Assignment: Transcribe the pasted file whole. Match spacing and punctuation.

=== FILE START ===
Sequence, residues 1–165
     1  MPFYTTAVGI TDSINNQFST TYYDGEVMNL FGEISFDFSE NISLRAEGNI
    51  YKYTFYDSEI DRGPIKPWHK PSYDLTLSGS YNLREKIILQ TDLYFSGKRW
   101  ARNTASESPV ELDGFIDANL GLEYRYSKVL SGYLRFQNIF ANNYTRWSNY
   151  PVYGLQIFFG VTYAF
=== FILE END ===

Sequence, residues 1–165
     1  MPFYTTAVGI TDSINNQFST TYYDGEVMNL FGEISFDFSE NISLRAEGNI
    51  YKYTFYDSEI DRGPIKPWHK PSYDLTLSGS YNLREKIILQ TDLYFSGKRW
   101  ARNTASESPV ELDGFIDANL GLEYRYSKVL SGYLRFQNIF ANNYTRWSNY
   151  PVYGLQIFFG VTYAF